Nov 4 (Reuters) – The United States and Canada on Friday imposed sanctions on two Haitian politicians, including the president of the country’s Senate, as Washington accused them of abusing their positions in drug trafficking and cooperation with gang networks in the country.
The sanctions target Haitian Senate President Joseph Lambert and Youri Latortue, who served as president of the chamber from 2017 to 2018, the US Treasury Department and Canada’s foreign ministry said in separate statements.
“Joseph Lambert and Youri Latortue abused their official positions in drug trafficking and collaborated with criminal and gang networks to undermine the rule of law in Haiti,” said US Treasury’s Under Secretary for Terrorism and Financial Intelligence Brian Nelson .
“The United States and our international partners will continue to take action against those who facilitate drug trafficking, enable corruption, and seek to profit from instability in Haiti,” he added.
The sanctions essentially freeze any assets Lambert and Latortue may hold in the United States or Canada and generally bar Americans from dealing with them.
Latortue in an interview with Haitian broadcaster Radio Television Caraibes denied the accusations against him and said US officials ignored his advice on police training and strategies to deal with gangs.
“They trained the police and now they inherit what they trained,” Latortue said.
“I said ‘Here’s how we should fight in Haiti.’ Since they were not happy.”
Lambert and Prime Minister Ariel Henry’s office did not immediately respond to requests for comment.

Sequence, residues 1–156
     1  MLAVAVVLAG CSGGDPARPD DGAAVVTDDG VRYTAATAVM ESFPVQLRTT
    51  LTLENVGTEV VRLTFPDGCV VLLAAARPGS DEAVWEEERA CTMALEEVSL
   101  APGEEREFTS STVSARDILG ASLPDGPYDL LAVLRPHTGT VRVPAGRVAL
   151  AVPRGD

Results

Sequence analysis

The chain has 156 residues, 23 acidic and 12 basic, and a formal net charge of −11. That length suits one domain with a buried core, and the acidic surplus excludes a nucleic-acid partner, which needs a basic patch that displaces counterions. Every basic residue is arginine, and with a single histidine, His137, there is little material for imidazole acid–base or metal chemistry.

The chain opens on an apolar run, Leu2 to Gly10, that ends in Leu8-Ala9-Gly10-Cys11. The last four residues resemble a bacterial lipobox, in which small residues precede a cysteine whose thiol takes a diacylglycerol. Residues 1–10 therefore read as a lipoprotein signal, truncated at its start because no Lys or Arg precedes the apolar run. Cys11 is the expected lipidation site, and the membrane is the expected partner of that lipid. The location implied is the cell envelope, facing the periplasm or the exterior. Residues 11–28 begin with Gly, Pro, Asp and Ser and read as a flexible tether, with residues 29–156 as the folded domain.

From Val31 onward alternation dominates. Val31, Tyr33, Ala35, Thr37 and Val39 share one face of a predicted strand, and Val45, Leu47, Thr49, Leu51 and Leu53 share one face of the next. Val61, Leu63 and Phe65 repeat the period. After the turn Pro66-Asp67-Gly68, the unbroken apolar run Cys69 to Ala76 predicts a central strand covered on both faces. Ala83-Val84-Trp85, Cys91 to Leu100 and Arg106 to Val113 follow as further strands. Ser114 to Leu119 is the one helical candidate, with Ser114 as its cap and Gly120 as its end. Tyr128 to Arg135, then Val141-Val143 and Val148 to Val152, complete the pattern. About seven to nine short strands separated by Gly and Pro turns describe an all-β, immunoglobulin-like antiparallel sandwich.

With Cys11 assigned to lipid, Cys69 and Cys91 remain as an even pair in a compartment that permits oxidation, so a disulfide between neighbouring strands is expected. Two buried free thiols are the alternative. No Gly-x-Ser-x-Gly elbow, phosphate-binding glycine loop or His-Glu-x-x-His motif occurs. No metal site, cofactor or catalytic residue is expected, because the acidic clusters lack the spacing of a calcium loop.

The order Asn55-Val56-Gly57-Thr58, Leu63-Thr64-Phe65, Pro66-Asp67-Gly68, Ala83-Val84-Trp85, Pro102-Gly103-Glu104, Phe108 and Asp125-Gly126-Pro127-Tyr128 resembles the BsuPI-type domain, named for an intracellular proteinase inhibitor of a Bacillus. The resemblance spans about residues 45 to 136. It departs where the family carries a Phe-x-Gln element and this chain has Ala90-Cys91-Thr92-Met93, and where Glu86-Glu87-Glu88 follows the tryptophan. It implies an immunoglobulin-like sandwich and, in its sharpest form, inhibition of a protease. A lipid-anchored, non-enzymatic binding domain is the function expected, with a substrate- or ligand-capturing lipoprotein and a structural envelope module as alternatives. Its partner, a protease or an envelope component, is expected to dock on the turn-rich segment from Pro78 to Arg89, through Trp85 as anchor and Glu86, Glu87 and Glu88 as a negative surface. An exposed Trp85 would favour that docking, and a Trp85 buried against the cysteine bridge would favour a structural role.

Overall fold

The US State Department also designated Lambert, barring him from traveling to the United States due to accusations of involvement in “significant corruption and gross human rights violations.”
US Secretary of State Antony Blinken said there was credible information of Lambert’s involvement in gross human rights violations during his tenure, citing an extrajudicial killing.
Canada and the United States have not specified which Haitian gangs they believe are tied to the officials.
Haitian gangs have expanded their power since the shocking assassination of President Jovenel Moise in 2021, and Henry has struggled to restore order to the country.
Sources said Thursday that Haitian police had taken control of a fuel terminal that had been blockaded by armed gangs since September, ending a standoff that triggered a humanitarian crisis and talks of foreign intervention. of the military.
Reporting by Daphne Psaledakis in Washington, Brian Ellsworth in Sao Paolo and Rami Ayyub in Jerusalem; Additional reporting by Harold Isaac in Port-au-Prince; Editing by Chizu Nomiyama, Bill Berkrot and Josie Kao
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